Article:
Puerto Rican Eggnog Punch (Ponchè de Coquito Puertorriqueño )

ponchè de coquito

So I thought long and hard about what the title of this post should be, because let’s be frank…people are fickle at times, but “ya can’t please everyone, so ya got to please yourself” (sorry, I felt a song coming on).  I decided on calling this post “Puerto Rican Eggnog Punch (ponchè de coquito).”  I could have just called it by what it’s 100% known as which is “coquito” but this is where the controversy would have begun and quite frankly, I didn’t want to deal with the drama upheaval that would follow, sorry.  No I’m not sorry!

This drink originated in Puerto Rico! It’s the stuff that get’s pulled out during this time of the year and it’s synonymous with us Puerto Ricans along with pasteles and dominos. Yeah, you pretty much cannot call yourself Puerto Rican and not have this drink during this time of year.  I saw a meme on Facebook (I would give the person that invented this meme credit, except it has no name so sorry for that), that pretty much describes December and Puerto Ricans:

coquito meme

Nuff said…

Okay back to the controversy at hand — some people have literally gotten offended because some of the recipes out there for “coquito” (including this one) lists egg yolks (a necessary component, I feel, for thickness, creaminess and gosh darn it, because this is a form of eggnog except with more oomph and eggnog includes EGGS dag nabbit!).

Seriously!  This has started an all-out viral war with people claiming in BOLD LETTERS I might add, that “coquito” does NOT include eggs, that what in fact you are having when you add eggs, is ponchè. Well that may certainly sound technically accurate, however, my grandmother who would have been one year away from turning 100 next year had she lived, definitely included eggs in her “coquito” which is the recipe you will be seeing below.  It’s not her exact recipe, because I’ve modified it 100% because I’m a busy woman and “ain’t nobody got time to be cracking cocos” and doing all that grating and squeezing and stuff.  That’s what modern technology has done for us and I take FULL advantage of that, sorry….but if you want to crack those cocos and grate and squeeze and all that jazz, be my guest and if you don’t feel safe using eggs or don’t like eggs, omit them.  In order to clear out any safety concerns, I opt to use this:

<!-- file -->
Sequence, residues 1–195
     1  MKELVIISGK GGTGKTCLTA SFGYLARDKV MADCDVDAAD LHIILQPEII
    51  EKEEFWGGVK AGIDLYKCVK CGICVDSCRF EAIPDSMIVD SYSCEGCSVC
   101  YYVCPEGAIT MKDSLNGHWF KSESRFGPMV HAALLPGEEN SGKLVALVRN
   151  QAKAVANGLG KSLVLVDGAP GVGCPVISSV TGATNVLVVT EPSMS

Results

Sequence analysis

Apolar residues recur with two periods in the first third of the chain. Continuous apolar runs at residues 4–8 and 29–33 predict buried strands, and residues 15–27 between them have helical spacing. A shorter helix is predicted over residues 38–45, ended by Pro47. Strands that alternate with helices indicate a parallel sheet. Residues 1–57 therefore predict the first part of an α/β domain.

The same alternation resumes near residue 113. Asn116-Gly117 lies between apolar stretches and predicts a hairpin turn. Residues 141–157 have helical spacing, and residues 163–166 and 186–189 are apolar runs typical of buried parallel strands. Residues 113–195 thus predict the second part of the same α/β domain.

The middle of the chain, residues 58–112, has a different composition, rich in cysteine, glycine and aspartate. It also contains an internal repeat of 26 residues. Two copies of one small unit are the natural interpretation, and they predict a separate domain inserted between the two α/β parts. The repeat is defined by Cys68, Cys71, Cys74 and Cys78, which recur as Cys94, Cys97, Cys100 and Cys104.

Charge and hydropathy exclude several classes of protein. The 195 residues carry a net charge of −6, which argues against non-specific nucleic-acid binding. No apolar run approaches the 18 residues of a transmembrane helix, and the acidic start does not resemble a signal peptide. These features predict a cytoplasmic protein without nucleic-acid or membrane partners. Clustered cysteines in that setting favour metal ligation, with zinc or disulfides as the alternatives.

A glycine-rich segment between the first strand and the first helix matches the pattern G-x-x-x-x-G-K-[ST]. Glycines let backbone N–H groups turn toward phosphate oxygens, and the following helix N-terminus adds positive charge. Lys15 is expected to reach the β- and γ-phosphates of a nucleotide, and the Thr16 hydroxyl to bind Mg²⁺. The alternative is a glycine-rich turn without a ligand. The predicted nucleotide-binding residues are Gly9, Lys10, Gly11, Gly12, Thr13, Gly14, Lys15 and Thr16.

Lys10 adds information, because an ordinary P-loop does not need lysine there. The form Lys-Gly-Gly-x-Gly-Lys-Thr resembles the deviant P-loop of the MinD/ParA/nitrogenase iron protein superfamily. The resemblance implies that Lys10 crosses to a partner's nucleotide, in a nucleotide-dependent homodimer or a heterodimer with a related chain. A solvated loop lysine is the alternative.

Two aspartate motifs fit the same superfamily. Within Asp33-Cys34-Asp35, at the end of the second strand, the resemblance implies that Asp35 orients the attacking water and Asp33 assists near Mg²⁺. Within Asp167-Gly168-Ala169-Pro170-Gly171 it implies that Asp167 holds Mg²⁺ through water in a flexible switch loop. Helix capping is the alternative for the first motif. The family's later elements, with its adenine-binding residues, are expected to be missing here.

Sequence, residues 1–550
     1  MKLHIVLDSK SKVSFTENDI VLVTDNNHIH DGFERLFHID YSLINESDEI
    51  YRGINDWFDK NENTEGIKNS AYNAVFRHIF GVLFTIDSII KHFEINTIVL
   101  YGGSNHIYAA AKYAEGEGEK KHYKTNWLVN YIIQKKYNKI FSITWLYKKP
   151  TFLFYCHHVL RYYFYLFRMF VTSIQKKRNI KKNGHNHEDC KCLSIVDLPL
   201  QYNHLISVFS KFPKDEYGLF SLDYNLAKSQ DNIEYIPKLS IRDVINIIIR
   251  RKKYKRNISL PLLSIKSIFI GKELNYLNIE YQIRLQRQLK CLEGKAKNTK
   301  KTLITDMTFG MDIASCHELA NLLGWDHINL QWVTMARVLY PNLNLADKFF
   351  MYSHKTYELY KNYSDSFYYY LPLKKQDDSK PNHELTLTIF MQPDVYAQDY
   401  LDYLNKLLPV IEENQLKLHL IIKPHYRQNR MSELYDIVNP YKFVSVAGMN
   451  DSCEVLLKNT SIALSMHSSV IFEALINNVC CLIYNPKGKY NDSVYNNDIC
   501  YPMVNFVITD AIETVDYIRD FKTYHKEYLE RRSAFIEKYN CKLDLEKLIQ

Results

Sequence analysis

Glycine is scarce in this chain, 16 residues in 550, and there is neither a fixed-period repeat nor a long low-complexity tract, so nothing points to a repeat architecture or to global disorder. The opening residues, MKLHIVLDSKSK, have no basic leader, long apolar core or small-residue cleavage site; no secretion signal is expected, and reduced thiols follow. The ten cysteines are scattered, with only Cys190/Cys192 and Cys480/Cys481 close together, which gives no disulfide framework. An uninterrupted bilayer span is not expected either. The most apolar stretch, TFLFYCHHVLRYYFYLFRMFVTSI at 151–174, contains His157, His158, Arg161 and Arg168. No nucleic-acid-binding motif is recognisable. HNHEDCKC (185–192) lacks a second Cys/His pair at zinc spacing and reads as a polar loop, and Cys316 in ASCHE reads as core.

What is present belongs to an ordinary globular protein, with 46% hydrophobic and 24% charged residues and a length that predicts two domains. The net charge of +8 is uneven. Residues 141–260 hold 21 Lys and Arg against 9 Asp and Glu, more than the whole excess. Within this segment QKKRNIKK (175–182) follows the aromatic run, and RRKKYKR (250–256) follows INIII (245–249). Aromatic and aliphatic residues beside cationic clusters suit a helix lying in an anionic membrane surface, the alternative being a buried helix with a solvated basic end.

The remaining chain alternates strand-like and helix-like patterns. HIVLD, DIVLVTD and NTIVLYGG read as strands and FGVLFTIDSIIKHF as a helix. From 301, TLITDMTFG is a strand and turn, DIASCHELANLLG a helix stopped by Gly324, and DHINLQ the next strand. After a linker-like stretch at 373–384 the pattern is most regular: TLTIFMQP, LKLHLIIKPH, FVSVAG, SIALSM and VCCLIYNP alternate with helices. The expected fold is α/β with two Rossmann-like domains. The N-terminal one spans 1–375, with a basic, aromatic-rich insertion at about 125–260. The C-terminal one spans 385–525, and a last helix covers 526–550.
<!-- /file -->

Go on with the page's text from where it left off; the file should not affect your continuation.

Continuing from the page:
pasteurized eggs

Yes, pasteurized eggs so that we don’t get poisoned with salmonella – and that my friends takes care of that!!!!

So stop controversing (not a word I made it up) and enjoy this coquito, ponchè or whatever and however you want to call it because a minute wasted trying to figure out what it should be called, is a minute you waste from enjoying this tropical drink 🙂 .

Without further ado, I present to you, my version of coquito that works for me and my family…

Enjoy y Buen Provechó!

5 from 1 reviews
Puerto Rican Eggnog Punch (Ponchè de Coquito Puertorriqueño )
Recipe type: Drinks
Cuisine: Puerto Rican
Serves about: 1 bottle (1.75L)
My version of Puerto Rican Coquito (ponchè for some) is creamy, rich and filled with bits of grated coconut. Don't let the smoothness of the rum trick you, this drink can and WILL knock you out if you go crazy with it LOL.
  • 4 Egg yolks (for safety, use pasteurized eggs and save the whites for something else)
  • ¼ cup of sugar
  • 1 tbsp. ground cinnamon
  • ¼ tsp. nutmeg
  • 1 can evaporated milk
  • 1 can coconut milk
  • 1 can of cream of coconut
  • 1 can of sweetened condensed milk
  • 1 cup of white rum, Bacardi baby to make it official! (or to taste preference)
  • 1 cup of coconut rum
  • ½ cup of sweetened coconut flakes (optional but so good!)
  • 1 Madagascar vanilla bean (snipped at the ends and scraped, reserve the pod to put into your coquito bottle) or you can use
  • 2 tsps. of vanilla extract instead of the vanilla bean
  • 2 cinnamon sticks (to add to your coquito bottle)
  1. Place all of your ingredients into the blender (except for the rum, vanilla bean pod and 2 cinnamon sticks) blend until smooth.
  2. Add the rum and blend until incorporated.
  3. To your coquito bottle(s), add 2 cinnamon sticks and the vanilla bean pod (if you are splitting it into two bottles, add just 1 cinnamon stick and ½ of the vanilla bean pod to one bottle and then do the same with the other bottle.
Author's Notes

Please NOTE that in order for you to get the lush thickness that makes this drink the best, this coquito (ponchè) has to be refrigerated and enjoyed throughout the days to come. Everyday this drink magically gets better! In my house, though, it's never lasted for more than two days.

Gotta go, because just thinking about it makes me wanna have some, toodles.